Truck Parking

| June 02, 2009

On April 15, Virginia DOT spokesman Jeff Caldwell told listeners of the BlogTalkRadio.com show that his agency “heard loud and clear” from truckers. “We realize that the two-hour restriction is very difficult on your community,” he said. Seven percent of all truck parking in Virginia would have been shuttered in the first proposal, Caldwell said. VDOT said closing the rest areas would save $12 million and ease a tight budget.

Trucker advocate Frederick Schaffner, of Nocona, Texas, sparred with Caldwell on the show, saying conflicts in regulations and Virginia’s two-hour parking limit at rest areas put truckers in a legal bind. Schaffner, in part through his website, www.theamericandriver.com, has advocated for trucking issues for seven years.

“A two-hour time limit forcing drivers to drive when they’re tired is contrary to public safety,” Schaffner said. “We’ve located only four to five hotels along the 324 miles of interstate on I-81.” Schaffner says the interstates should have a rest stop every 60 miles, as 1960s highway bills called for.

In January 2005, months after a motorist on a Maryland interstate accidentally ran into the back of an 18-wheeler, officials surveyed truckers and counted trucks parked in improper locations. They calculated a statewide shortage of nearly 1,300 truck parking spaces. Many truck stop operators say they’re full from dark to dusk, says Maryland DOT Motor Carrier Policy Officer Ed Miller.

Maryland is part of a 15-state coalition formed in 1993 to plan for traffic needs along the I-95 corridor. New Jersey, New York, Pennsylvania and Virginia have also conducted parking studies, and Maryland will follow up with another parking survey in 2010.

As attention to the issue rises, owner-operators find themselves in a bind along the busiest corridors.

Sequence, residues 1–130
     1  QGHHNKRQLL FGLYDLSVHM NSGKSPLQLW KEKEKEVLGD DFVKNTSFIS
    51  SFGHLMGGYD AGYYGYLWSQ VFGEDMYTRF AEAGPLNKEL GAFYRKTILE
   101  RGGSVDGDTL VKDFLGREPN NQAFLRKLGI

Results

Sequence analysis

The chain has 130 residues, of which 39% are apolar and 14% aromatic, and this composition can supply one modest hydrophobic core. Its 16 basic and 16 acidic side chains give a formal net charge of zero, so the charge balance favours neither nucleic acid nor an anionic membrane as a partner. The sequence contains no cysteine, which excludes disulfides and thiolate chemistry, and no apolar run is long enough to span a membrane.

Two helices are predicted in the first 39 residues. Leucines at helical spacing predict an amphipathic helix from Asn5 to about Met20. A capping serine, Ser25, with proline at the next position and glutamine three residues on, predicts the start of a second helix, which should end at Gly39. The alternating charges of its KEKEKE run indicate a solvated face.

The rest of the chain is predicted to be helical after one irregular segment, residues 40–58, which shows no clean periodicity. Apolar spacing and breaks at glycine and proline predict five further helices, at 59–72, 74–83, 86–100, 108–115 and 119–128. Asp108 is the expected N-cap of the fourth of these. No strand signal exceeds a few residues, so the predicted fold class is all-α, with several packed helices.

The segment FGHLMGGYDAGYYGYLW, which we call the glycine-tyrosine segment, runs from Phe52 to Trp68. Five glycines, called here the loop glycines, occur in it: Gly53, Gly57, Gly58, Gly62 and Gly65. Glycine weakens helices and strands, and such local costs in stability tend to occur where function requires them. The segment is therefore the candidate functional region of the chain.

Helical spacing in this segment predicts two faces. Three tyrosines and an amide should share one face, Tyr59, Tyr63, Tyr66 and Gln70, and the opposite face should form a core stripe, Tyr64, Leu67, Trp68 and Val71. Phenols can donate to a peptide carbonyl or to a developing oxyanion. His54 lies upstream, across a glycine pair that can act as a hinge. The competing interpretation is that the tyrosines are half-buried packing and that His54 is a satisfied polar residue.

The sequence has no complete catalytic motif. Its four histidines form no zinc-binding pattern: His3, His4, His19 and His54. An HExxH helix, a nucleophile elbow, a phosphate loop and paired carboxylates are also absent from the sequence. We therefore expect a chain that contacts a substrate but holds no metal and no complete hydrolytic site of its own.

Rick Stagner, 52, a heavy-haul operator leased to Anderson Trucking Service, says he avoids New Jersey’s crowded turnpikes and prefers Wyoming’s unadorned parking lots. With no other choices, he’s had to park overnight in industrial lots a couple of times.

Five years ago, tired and out of hours, Stagner stopped at 3 a.m. on an I-66 ramp between Washington, D.C., and Winchester, Va. When a trooper knocked on Stagner’s door at dawn, he was relieved not to be under arrest. “He said, ‘Are you about ready to go?’ ” recalls Stagner, who then resumed his return to Grand Prairie, Texas.

He says that complying with the 10-hour rest period is difficult in some states, such as Virginia, where overnight rest area stops are prohibited. “You try to abide by the law and then they throw up these obstacles that don’t allow you do that,” he says, noting that he takes hours to plan his route and stops.

In states along high-traffic corridors that have no rest area time restrictions, such as Virginia’s northern neighbor, Maryland, finding open spaces can be a challenge. When owner-operator Marty Hageman, of Fremont, Neb., runs through Arkansas, he says he plans “to go through it and not stop. You’ve got to plan your trip because they have no rest stops and the truck stops are inadequate.”

Like Virginia, Indiana has high freight volume with a confluence of interstates, I-90, I-94, I-70, I-69 and I-65 among them. To accommodate traffic, the state has no strict rule preventing overnight truck parking in public spaces, is adding truck parking spaces to rest areas to maximize land use and, for several years, has designed lots with no curbs in the renovations.

Facilities Director Tom Vanderpool says overcrowded parking lots accompanied freight corridors’ exponential growth during his 40 years at the Indiana Department of Transportation. Every other year, the state tries to add 80 spaces to some original 20-space sites, built in the 1960s, and the spaces are added behind the buildings for security. Two of their closed rest areas have become aged and are obsolete because they are near large truck stops. The others will be renovated and expanded, Vanderpool says.

He recalls the night nine years ago when the Greenfield rest area on I-70 east of Indianapolis re-opened after it was expanded from 10 to 100 spaces.

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